Let $(X,Y)\sim N(\mu_x=1,\mu_y=1,\sigma^2_x=4,\sigma^2_y=1,\rho=1/2)$. Compute $P(X+2Y\leq 4)$.

How do you compute probabilities of a bivariate normal? For a regular normal distribution I remember we had to use tables or software because there is no close form solution for the normal CDF.

  • 6
    $\begingroup$ I think you don't even need CDF of the bivariate normal distribution. You can determine the mean and variance of the distribution $Z: X+2Y$ and then use the CDF of a univariate normal distribution. $\endgroup$ – COOLSerdash Sep 7 '13 at 19:58
  • $\begingroup$ By "use the CDF of a nunivarate normal" you mean look up the value in a table or use software? $\endgroup$ – bdeonovic Sep 7 '13 at 20:02
  • 1
    $\begingroup$ Yes, I think so. As you said: the CDF has no closed form (it cannot be expressed in term of elementary functions). $\endgroup$ – COOLSerdash Sep 7 '13 at 20:04
  • 5
    $\begingroup$ +1 to @COOLSerdash. It's worth saying explicitly that one characterization of the multivariate normal distribution is that every linear combination of the elements of a multivariate normal vector is normally distributed. This is why calculating the mean and variance of $X+2Y$ is sufficient to answer the question. $\endgroup$ – Macro Sep 7 '13 at 20:31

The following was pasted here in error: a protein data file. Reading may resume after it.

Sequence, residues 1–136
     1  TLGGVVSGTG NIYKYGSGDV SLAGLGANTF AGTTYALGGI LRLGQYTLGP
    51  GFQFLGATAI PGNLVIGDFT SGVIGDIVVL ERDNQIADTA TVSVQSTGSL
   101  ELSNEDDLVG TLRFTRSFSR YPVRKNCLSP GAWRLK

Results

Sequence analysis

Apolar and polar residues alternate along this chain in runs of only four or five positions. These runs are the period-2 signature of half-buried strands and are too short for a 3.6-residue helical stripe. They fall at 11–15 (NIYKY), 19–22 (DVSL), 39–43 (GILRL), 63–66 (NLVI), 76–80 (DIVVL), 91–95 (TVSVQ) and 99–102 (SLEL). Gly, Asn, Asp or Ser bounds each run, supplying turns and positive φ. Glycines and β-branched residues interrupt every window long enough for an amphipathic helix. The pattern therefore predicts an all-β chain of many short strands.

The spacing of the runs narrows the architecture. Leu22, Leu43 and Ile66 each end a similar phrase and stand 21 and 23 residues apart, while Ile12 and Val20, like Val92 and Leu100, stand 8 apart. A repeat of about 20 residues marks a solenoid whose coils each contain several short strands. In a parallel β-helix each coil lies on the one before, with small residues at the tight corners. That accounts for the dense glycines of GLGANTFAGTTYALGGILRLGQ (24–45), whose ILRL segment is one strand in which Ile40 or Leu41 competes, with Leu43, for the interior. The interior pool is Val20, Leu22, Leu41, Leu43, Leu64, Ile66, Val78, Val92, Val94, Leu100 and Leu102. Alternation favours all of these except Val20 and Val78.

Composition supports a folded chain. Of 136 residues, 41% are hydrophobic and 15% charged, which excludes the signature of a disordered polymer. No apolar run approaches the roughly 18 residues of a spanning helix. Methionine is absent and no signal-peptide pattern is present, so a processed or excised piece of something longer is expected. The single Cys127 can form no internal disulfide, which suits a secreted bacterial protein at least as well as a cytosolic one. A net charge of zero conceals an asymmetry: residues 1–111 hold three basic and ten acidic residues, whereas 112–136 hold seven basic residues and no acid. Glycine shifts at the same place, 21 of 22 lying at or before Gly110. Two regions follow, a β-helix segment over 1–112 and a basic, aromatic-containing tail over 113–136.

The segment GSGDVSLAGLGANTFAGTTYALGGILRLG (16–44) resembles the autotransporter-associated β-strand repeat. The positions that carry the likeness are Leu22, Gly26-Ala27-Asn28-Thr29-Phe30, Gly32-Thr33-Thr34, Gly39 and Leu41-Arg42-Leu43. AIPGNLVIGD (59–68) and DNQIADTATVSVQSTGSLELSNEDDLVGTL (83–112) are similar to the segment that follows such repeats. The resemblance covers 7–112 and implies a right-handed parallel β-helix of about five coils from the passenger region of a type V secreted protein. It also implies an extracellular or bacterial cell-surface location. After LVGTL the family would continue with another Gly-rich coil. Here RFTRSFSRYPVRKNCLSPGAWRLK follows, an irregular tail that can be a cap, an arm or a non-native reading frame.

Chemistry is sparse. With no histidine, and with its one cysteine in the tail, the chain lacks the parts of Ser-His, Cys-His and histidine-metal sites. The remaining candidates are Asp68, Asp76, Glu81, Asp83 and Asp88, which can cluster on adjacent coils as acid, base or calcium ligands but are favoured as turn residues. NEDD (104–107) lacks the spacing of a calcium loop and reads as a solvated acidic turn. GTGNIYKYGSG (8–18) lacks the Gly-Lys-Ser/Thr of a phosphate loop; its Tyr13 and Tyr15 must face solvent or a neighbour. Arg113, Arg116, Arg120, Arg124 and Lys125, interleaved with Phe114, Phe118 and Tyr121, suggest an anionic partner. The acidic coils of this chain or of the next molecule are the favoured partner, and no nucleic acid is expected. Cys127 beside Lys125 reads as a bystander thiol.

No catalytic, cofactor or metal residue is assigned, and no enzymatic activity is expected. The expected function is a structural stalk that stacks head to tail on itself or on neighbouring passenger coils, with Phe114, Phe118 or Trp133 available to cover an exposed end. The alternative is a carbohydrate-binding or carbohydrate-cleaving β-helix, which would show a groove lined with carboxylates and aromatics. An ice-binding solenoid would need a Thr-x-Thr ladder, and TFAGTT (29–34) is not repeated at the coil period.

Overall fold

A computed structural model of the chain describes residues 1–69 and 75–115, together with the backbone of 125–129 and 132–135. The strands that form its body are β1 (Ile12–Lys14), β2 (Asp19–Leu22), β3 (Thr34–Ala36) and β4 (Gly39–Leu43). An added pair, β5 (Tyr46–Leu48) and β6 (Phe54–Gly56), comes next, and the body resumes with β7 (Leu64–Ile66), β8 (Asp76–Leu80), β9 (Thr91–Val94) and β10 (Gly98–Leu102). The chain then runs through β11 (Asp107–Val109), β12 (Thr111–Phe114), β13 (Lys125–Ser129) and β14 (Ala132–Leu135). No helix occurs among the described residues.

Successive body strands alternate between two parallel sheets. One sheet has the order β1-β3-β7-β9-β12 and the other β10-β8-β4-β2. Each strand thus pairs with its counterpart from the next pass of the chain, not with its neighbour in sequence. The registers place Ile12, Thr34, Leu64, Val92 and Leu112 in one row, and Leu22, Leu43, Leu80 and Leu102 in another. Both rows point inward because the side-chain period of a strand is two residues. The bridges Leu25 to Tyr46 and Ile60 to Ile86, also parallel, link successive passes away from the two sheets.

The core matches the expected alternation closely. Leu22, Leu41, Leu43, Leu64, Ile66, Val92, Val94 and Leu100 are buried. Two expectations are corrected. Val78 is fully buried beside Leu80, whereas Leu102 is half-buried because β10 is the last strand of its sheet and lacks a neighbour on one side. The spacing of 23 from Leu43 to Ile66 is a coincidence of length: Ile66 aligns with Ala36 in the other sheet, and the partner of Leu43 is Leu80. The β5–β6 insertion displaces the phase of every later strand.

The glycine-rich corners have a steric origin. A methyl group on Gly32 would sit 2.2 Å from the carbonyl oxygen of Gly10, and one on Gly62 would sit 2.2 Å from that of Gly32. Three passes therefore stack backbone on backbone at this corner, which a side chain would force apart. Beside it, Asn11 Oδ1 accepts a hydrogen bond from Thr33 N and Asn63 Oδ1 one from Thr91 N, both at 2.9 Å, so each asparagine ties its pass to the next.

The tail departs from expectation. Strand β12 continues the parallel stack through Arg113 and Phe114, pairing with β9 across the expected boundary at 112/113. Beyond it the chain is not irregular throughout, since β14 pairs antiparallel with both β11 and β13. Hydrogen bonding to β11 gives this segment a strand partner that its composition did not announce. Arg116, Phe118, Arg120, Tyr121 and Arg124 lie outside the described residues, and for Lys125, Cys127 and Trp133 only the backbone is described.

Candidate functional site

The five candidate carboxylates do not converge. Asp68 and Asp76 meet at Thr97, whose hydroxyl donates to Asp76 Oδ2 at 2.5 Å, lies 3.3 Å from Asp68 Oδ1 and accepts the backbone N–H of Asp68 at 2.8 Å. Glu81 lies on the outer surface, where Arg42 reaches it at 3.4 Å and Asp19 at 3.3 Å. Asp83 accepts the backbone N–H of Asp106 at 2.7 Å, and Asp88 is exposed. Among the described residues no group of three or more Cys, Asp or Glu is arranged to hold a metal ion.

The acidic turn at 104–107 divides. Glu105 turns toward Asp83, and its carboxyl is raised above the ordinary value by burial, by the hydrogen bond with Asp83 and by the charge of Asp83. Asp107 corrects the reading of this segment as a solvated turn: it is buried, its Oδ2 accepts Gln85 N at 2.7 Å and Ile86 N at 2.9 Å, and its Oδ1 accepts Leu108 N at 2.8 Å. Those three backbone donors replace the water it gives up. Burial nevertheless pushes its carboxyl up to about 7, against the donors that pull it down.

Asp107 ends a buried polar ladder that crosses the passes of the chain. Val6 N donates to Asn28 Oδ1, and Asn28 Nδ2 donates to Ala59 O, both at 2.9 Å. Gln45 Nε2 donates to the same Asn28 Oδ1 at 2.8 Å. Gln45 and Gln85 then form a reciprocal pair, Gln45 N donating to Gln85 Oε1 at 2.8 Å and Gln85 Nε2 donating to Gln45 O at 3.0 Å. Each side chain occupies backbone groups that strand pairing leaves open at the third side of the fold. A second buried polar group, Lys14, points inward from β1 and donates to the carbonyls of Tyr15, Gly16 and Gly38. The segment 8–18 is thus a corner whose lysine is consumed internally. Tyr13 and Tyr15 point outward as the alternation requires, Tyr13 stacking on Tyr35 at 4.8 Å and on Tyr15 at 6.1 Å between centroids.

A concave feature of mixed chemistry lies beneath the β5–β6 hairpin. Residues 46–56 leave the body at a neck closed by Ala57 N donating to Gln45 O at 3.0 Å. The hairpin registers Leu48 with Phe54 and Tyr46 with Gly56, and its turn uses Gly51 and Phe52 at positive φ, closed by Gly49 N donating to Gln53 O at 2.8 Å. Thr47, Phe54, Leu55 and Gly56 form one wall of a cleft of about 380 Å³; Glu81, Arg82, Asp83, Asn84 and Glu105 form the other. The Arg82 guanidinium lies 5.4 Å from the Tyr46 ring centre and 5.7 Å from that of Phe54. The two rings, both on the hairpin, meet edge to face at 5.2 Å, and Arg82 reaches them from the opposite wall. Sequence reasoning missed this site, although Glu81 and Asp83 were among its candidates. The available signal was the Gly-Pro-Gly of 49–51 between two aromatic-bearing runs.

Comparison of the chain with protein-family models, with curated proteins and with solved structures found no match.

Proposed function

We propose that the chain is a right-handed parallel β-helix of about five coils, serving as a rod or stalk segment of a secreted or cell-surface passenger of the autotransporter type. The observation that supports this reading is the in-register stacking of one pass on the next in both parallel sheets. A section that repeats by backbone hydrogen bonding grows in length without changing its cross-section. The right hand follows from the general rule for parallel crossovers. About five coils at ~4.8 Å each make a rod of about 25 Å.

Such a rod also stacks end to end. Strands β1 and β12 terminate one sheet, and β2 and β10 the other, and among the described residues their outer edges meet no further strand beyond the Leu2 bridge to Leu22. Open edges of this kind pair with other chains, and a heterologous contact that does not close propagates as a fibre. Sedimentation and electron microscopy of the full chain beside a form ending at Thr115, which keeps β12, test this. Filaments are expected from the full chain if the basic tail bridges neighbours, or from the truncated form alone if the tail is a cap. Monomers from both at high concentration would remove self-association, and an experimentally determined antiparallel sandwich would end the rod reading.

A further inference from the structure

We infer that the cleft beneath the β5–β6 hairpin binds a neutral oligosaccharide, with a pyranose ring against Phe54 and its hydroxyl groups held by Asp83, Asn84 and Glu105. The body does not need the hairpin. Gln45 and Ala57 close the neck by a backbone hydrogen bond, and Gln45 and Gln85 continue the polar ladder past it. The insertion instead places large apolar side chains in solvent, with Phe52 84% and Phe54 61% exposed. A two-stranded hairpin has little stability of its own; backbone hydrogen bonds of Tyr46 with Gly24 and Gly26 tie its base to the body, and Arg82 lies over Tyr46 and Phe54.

Since $(X,Y)$ is normally distributed then $X+2Y\sim N(\mu_x+2\mu_y, \sigma_x^2+4\rho \sigma_x\sigma_y+4\sigma_y^2)\sim N(3, 12)$. Using R we get

> pnorm(4,mean=3,sd=sqrt(12))
[1] 0.613585
| cite | improve this answer | |
  • $\begingroup$ This is the question I was about to ask. Could you briefly explain the math behind it? $\endgroup$ – user51966 Dec 10 '18 at 14:52
  • 1
    $\begingroup$ Normal distribution is closed under affine transforms (If $X\sim N(\mu, \Sigma)$ then $\mathbf{c}+\mathbf{A}X \sim N(c+\mathbf{A}\mu, \mathbf{A}\Sigma\mathbf{A}^\intercal)$). $\endgroup$ – bdeonovic Dec 17 '18 at 16:32

Your Answer

By clicking “Post Your Answer”, you agree to our terms of service, privacy policy and cookie policy

Not the answer you're looking for? Browse other questions tagged or ask your own question.